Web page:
international law quarterly

winter 2015 • volume XXXII, no. 3

Customs Law Enforcement, continued

Circuit, the court of last resort for penalty cases, recently held that officers are also personally liable for their company’s errors or omissions during the entry process. Fortunately, importers have the opportunity to mitigate penalties. The prior disclosure process encourages importers to come clean with the possibility of reducing penalties and interest on lost duties. CBP is usually generous in reducing penalties based on the importer’s www.raaziq.com via www.photobucket.com inability to pay, its history of importers awake at night. Originally passed in 1863 to compliance and a long list of mitigating factors. CBP’s charity only travels so far, though. An importer prosecute war profiteers, the federal False Claims Act refusing to pay the mitigated amount can expect the (FCA) allows the government or a private party to allege government to bring a collection action in the Court of that an importer knowingly underpaid customs duties. International Trade for the full amount of the penalty. The government can either file its own lawsuit or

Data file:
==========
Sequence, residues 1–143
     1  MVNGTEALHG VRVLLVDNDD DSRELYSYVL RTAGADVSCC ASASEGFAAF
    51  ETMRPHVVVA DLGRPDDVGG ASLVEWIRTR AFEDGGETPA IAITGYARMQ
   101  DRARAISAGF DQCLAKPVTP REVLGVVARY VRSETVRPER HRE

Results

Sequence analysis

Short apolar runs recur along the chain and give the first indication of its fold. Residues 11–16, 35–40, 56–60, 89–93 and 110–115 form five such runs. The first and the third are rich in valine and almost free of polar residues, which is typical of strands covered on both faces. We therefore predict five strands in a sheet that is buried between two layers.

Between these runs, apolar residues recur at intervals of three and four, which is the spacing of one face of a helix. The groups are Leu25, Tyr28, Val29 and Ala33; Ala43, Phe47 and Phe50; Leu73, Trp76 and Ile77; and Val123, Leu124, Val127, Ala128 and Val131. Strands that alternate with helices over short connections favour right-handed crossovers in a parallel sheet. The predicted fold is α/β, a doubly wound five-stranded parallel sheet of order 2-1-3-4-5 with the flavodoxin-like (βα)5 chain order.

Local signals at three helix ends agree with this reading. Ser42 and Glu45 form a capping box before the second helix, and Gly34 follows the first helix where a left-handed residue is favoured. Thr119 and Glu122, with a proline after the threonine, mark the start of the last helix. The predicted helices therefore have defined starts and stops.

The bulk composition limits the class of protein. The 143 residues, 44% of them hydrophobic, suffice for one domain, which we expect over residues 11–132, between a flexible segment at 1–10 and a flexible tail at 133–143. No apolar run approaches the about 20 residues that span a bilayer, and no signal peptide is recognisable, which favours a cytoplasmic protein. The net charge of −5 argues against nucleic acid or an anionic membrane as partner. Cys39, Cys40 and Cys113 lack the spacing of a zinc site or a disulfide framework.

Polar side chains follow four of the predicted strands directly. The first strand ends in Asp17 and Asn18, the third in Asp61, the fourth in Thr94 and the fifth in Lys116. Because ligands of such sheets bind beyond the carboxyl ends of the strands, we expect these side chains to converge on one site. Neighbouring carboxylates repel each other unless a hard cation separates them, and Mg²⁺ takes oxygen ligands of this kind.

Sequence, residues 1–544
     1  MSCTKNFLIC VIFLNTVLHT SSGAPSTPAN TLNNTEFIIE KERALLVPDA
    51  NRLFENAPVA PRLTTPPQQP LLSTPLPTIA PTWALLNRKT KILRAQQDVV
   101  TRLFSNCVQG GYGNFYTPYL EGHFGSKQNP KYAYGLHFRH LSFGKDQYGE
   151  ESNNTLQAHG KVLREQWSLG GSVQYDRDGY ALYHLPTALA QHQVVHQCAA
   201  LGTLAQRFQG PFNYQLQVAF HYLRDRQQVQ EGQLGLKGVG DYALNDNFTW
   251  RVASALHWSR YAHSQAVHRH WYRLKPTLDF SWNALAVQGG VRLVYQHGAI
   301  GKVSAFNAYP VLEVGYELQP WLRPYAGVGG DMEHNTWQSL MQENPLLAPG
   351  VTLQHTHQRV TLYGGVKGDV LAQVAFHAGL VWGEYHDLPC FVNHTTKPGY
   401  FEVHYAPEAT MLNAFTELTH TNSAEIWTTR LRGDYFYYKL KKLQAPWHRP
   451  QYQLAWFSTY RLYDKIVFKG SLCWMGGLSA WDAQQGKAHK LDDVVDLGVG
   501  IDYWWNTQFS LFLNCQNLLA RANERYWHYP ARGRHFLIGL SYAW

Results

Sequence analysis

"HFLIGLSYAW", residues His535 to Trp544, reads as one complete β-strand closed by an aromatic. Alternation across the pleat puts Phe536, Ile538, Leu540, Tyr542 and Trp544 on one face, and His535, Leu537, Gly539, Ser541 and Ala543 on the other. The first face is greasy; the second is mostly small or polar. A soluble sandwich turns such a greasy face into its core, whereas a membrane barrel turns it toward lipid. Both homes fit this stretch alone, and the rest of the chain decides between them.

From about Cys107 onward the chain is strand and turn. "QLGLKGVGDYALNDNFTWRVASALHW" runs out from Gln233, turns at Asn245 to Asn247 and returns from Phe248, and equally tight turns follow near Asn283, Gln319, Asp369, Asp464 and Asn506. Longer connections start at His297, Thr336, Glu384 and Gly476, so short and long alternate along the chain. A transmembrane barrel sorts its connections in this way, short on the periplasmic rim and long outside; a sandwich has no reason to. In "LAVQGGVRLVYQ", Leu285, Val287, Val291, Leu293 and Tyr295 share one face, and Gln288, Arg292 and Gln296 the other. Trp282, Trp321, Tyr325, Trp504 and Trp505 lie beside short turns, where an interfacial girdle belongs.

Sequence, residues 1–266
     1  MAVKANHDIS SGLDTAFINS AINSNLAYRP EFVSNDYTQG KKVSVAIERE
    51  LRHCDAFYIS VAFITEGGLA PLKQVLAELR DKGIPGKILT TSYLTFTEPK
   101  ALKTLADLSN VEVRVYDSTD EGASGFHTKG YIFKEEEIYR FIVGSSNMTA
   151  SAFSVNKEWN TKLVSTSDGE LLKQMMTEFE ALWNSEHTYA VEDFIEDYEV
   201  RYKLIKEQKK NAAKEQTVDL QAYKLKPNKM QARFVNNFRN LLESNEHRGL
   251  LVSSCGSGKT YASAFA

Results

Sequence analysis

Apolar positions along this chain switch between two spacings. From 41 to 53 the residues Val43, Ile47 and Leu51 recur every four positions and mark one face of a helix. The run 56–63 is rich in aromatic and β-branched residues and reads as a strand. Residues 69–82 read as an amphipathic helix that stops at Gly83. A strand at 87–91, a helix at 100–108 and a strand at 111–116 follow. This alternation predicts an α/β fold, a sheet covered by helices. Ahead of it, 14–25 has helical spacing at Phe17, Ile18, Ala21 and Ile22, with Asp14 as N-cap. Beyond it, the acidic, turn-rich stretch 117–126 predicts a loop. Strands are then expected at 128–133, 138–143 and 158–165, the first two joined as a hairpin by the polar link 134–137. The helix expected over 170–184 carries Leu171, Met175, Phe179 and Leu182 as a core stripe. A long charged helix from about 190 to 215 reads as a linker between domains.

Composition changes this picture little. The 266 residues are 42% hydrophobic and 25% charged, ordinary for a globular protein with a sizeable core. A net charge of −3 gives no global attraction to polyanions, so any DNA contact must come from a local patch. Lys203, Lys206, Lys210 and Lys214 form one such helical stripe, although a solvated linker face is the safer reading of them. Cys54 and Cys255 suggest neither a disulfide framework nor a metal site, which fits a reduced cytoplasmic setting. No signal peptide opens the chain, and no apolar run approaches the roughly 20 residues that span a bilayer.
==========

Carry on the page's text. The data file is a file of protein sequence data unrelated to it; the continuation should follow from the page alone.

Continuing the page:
False Claims Act

intervene and take control of the whistleblower’s suit.

Section 1592 isn’t the only statute that should keep

... continued on page 33

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international law quarterly

winter 2015 • volume XXXII, no. 3

The Black Market Peso Exchange and the Small Exporter By Robert J. Becerra, Miami Introduction

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he United States government, through the Department of Commerce, has been encouraging small businesses to get involved in exporting as a way to grow their businesses and create jobs in a time of lackluster domestic demand. The Obama administration has encouraged this involvement in exporting United States products through the National Export Initiative of the International Trade Administration.1 Yet, for the small business, getting paid for export sales includes tradebased money-laundering risks that the small business owner is often ill prepared to detect or prevent.

exporter into its bank account via wire transfer from a major international bank. Sometimes these wire transfers are received from the bank account of a third party to the underlying transaction, i.e., a person or a company other than the small exporter’s customer in the foreign country.

Trade-Based Money Laundering and the Black Market Peso Exchange